Many residents of Fairfax Station's Barrington community spend a lot of time going around in circles.
The 476 houses in Barrington are all on streets that connect to the community's "social circle," Braymore Circle, which is nine-tenths of a mile in circumference. Walkers and joggers often stop to catch up on news with their neighbors.
Barrington is made for those seeking quiet streets and lots of exercise. Paige Robertory said her family enjoys the miles of biking and hiking trails surrounding the community. Paved paths through wooded areas connect Barrington to the nearby 43-acre Lake Mercer as well as to South Run recreation center and Burke Lake.
"Sometimes we just put on backpacks and go for an adventure," Robertory said.
Sometimes, they go by bicycle. It's three miles through the woods to Burke Lake from their house -- without crossing a street -- and five miles around the lake, so they might pack a picnic and make a day of it.
Being in a community with only one road in and out removes worries about through traffic. "It makes it easy to have parades through the streets," said Pam Jones, a resident since 1992. The numerous cul-de-sacs and pipe stems -- private driveways shared by two or more houses -- offer pockets of safe romping space for children.
"We have 15 to 20 kids on our cul-de-sac," said Susan Tesorero, a mother of two. "People open up their homes to each other. It's like an extended family."
Jones said: "This is the kind of place everyone wants to live in, but doesn't know it exists anymore."
Barrington is a social community with a love of acronyms. Many of its activities are organized by the MOB -- Mothers of Barrington -- and communicated through BOB -- the Barrington Online Bulletin. About 350 residents have signed up for BOB, where they learn about opportunities for community service, meet new neighbors, or give cheers and boos to local contractors.
The MOB is a casual women's group where popcorn appetizers are as welcome as salmon mousse and where keeping on top of regional issues is as much of a focus as sponsoring neighborhood celebrations.
Eugenia McGroarty, one of the group's founders, said the group's formal name -- everyone calls it the MOB -- is a misnomer because she doesn't have children and neither do several other active members. McGroarty describes the group as reflecting Barrington's diversity when it comes to family make-up and interests. While some members have no children, others "have babies, preteens, teens, young adults or grandchildren," she said.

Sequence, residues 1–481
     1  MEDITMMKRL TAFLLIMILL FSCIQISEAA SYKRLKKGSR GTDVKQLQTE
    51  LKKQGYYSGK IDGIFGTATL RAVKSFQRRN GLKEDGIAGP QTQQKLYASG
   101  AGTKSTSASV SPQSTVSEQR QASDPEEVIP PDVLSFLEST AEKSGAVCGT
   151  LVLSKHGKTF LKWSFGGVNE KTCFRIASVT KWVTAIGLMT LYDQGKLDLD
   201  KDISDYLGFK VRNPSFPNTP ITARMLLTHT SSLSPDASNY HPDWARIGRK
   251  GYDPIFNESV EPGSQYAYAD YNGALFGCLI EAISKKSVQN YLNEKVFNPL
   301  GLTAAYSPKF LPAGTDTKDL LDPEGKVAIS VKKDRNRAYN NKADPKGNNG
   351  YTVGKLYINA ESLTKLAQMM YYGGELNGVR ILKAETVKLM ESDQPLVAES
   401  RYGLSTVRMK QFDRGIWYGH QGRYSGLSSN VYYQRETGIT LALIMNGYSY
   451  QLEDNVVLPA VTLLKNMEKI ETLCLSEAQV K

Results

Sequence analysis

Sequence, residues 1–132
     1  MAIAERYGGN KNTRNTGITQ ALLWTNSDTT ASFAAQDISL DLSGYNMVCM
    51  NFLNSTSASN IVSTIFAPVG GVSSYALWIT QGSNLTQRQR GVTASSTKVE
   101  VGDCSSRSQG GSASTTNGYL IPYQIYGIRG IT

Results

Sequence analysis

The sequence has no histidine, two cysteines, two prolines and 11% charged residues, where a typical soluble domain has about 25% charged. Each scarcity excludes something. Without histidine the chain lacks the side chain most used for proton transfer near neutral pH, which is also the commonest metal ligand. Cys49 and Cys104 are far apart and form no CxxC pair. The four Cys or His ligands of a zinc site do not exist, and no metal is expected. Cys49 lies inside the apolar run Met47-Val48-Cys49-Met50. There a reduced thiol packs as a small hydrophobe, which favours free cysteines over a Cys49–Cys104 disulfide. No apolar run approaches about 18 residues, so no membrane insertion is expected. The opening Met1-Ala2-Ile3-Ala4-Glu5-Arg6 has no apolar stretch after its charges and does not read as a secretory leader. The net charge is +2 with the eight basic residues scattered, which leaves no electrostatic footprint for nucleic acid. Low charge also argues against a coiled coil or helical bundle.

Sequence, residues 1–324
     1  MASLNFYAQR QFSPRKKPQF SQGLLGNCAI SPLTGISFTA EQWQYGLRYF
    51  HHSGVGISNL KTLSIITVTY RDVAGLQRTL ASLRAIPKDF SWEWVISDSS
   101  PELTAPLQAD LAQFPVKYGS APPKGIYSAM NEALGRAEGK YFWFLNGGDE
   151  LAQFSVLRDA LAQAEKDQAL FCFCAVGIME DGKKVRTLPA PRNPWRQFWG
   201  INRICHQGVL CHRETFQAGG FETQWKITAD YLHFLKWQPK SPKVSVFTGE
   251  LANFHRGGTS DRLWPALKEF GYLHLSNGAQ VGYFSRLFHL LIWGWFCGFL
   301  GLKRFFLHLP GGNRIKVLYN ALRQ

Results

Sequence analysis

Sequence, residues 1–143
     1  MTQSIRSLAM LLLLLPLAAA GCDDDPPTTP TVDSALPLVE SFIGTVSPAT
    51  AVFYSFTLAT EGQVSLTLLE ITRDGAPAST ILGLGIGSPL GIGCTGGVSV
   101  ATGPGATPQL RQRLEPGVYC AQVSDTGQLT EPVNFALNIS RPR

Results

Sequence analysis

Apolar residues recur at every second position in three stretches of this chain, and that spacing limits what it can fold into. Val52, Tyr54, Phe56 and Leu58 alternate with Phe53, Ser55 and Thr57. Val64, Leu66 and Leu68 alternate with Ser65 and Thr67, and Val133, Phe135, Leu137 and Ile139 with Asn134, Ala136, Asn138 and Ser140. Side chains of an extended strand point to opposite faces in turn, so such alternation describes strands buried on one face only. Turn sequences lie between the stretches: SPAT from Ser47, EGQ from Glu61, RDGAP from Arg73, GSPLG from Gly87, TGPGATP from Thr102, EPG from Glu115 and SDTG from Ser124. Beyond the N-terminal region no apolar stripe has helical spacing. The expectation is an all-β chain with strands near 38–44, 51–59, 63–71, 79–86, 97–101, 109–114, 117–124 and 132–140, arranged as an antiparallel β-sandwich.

Tesorero, a former Fairfax County teacher who is community service manager for the MOB, said that when her family moved to Barrington in 1999, the group offered her a quick way to meet people and get referrals for doctors and dentists. Since then, she said, she has found a generosity among her neighbors that amazes her.
"This is such a giving community," she said. "When the call goes out for help, this community comes through time and time again with tons of stuff."
For several years, residents have stuffed countless backpacks with school supplies for needy children. "I just imagine the students' faces as they opened those," Tesorero said.
When Tesorero set out a collection box in her front yard and put out a call for winter coats to help the underprivileged, the box was soon overflowing.
The first of Barrington's houses was built in the late 1980s, before the nearby Lorton area became developed and local schools began bursting at the seams. Barrington's middle and high school students are bused to Hayfield, 12 miles away. However, a new South County secondary school for 2,500 students is slated to open nearby in the fall of 2005.
Even though home construction was not completed until 1999, Barrington today has an established look. Paul Hietanen, out walking with his 6-year-old daughter, said, "The builders left a lot of trees. It looks mature from a landscaping point of view."
The large, executive-style houses have brick or stone fronts and two-story foyers. Nine years ago, front and rear stairwells and the openness in one home sold Howard and Margaret Boone on Barrington. Their kitchen provides visibility into the dining room, the two-story family room and on out to the deck, making for easy entertaining.
With eight grandchildren coming to visit throughout the summer and their membership in a progressive-dinner-party club, the Boones get a lot of use out of their space.
Although the neighborhood's four-bedroom houses are situated on quarter-acre lots, they don't appear to be on top of each other. Kathy and Troy Churchman's deck is rather close to their neighbors', but their house is angled to minimize the appearance of closeness. Avid gardeners, the Churchmans have made the most of their corner lot, planting 350 day lilies around their home -- all set to bloom in mid-July.
In warm weather, much of the community gathers at the pool, where more than 100 children are members of the Blue Fins swim team. Open to ages 5 to 18, the only requirement to be on the team is the ability to swim the length of the pool using any stroke -- even the dog paddle. Although the team has had several winning seasons, those involved say competition is not as important as encouraging each swimmer to have fun and reach a personal best. Annual team-sponsored whipped cream fights in the parking lot or wacky relay races in the pool are among the favorite social events.
Kenneth Reinshuttle, executive director of the Fairfax Education Association, helped start the swim team 11 years ago. "Kids have grown up through the team," he said. "They stayed to become lifeguards and coaches and went on to do well in high school and college. They're role models now. This was a good healthy place for them to be."